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Reflection

Posted by editor on May 31, 2007 at 4:34 AM PDT

Contemplating the end of checked exceptions?

There's already been discussion of how to remove features from Java, most notably in a Mark Reinhold blog from last year and JSR 270, the JDK 6 release contents JSR. Thusfar, however, the discussion has primarily been around removing API's that are little-used or obsoleted by better successors. Surely nobody's talking about blowing away language features, especially ones that have been around since Java 1.0, right?

Well, actually...

Neal Gafter unintentionally happened across this course of action in the discussion of his closures proposal for JDK 7. As he writes in his blog Removing Language Features:

As a language grows by the addition of features, it necessarily gets more complex. After all, you can't remove existing language features because existing programs use those features, but each additional feature adds complexity. Right?

Fellow Googler Matt Shulman asked me a question about the Closures for Java specification. He observed that much of the complexity arises because of support for checked exceptions in the spec. Things like throws type parameters, disjunctive types, and throws clauses on function interfaces would be unnecessary without checked exceptions. Matt asked me if we had considered if things would be simpler without all that. [...]

Matt clarified that he was asking not just about removing support for checked exceptions from the Closures spec, but from the entire programming language.

This is a striking proposal when thought through all the way: could you horse-trade checked exceptions for a cleaner closures implementation? For those who don't like checked exceptions -- and there are a lot of them -- this has win-win written all over it. On the other hand, those who like checked exceptions and don't think closures are a good match for the language will see this as nothing short of a disaster. And there's also the problem of how such a radical change could even be kept compatible with existing Java implementations, or if this will necessarily lead to breakage, as discussed yesterday.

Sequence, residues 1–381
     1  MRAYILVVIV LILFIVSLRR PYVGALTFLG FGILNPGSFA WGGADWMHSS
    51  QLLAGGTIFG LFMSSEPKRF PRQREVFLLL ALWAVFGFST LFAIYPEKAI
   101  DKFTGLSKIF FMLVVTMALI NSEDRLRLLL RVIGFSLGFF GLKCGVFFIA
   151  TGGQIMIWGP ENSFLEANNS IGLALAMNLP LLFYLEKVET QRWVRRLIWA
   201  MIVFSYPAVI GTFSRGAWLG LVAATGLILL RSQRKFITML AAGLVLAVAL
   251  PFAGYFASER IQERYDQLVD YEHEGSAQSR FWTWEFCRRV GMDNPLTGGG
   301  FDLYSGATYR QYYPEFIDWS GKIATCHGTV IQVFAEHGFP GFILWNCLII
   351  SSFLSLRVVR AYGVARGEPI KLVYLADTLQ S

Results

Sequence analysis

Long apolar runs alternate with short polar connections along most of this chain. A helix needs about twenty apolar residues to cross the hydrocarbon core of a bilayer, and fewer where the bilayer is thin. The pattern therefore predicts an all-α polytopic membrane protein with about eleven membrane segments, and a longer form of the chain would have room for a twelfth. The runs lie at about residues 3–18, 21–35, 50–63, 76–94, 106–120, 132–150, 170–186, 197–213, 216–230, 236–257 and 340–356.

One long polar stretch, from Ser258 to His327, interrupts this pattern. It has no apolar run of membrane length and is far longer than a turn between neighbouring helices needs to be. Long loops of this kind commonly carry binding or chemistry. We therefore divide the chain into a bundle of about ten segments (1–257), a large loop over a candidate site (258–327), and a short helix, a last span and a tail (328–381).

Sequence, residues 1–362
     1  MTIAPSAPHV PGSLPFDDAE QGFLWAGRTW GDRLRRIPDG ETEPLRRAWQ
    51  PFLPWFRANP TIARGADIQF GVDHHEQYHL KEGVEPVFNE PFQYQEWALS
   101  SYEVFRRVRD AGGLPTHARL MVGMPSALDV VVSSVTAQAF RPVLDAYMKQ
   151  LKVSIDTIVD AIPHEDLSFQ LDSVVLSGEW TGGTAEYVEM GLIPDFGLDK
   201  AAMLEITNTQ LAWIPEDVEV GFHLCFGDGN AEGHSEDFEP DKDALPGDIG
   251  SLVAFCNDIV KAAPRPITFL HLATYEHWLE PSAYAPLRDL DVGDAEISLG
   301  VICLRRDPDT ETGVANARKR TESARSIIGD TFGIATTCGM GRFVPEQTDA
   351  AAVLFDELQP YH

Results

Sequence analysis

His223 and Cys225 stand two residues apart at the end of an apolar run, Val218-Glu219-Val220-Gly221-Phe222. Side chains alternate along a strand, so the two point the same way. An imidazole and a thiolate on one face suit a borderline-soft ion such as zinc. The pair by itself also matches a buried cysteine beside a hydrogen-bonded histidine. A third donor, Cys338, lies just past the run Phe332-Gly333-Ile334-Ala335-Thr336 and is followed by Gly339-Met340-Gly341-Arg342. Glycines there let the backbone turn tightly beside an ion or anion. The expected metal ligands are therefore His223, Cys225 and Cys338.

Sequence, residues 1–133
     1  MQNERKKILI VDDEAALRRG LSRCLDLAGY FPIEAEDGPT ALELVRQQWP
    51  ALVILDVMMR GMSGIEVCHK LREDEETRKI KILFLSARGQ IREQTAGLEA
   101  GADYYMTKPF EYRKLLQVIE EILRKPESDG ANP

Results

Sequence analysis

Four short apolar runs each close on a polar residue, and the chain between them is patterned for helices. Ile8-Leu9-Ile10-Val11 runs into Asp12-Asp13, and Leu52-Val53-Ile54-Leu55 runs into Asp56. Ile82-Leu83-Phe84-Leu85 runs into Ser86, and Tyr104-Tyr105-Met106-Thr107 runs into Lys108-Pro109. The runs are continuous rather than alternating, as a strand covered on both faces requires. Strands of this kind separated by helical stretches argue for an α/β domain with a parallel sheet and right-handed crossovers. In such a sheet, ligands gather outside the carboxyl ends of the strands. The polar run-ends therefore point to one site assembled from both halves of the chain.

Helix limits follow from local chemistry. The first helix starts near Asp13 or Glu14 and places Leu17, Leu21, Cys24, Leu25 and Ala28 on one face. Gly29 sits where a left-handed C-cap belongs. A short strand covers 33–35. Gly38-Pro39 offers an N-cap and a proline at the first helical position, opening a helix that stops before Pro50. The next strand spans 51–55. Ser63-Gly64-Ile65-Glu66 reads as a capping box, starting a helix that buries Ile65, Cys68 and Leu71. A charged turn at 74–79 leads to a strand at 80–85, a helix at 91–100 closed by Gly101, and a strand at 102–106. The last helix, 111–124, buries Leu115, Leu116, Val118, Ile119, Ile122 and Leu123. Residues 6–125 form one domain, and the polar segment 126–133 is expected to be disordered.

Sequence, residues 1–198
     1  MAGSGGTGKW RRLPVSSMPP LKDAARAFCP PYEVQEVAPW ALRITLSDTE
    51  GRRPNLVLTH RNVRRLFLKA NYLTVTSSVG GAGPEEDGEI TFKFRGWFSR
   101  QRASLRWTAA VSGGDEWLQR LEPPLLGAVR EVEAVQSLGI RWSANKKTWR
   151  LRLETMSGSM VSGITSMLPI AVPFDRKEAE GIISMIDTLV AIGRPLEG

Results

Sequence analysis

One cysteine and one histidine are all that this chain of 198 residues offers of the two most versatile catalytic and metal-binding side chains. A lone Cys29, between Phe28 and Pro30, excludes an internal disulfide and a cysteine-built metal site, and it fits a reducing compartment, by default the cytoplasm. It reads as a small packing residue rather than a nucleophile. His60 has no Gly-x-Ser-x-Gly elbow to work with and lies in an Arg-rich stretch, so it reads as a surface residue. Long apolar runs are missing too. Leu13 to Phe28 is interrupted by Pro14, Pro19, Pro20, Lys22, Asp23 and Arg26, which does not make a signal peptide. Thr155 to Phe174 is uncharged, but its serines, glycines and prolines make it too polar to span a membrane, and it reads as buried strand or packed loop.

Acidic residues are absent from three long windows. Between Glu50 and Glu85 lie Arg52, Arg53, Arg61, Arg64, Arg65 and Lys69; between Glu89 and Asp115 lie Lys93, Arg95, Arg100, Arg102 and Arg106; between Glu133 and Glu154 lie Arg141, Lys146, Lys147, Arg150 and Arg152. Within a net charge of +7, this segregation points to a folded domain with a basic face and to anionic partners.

I am soooo staying out of this one. It's up to you guys and gals. Have at it...


Also Java Today, Builder.au interviews Bob Brewin in the article JavaFX Sends Sun Back to the Future? "Can Java's new eye candy engine -- JavaFX -- be the tonic to revive Java's flagging fortunes client-side? Sun's chief technology officer for software, Bob Brewin, certainly thinks so as he discusses the issues facing Sun with JavaFX, will it put Java back on the desktop and if the GPL licensing of Java warrants a re-license for CDDL projects. BuilderAU caught up with Brewin at the recent JavaOne conference."

With increasing number of features to support, growing code bases, and large teams to work with, developers naturally look to automation as a path to ensuring code quality. According to Matt Quail, a partner with Cenqua, however, some things about code quality are hard, and even impossible, to automate. In Artima's audio interview The Value of Code Reviews, Matt Quail of Cenqua talks about the role code reviews play in the development process.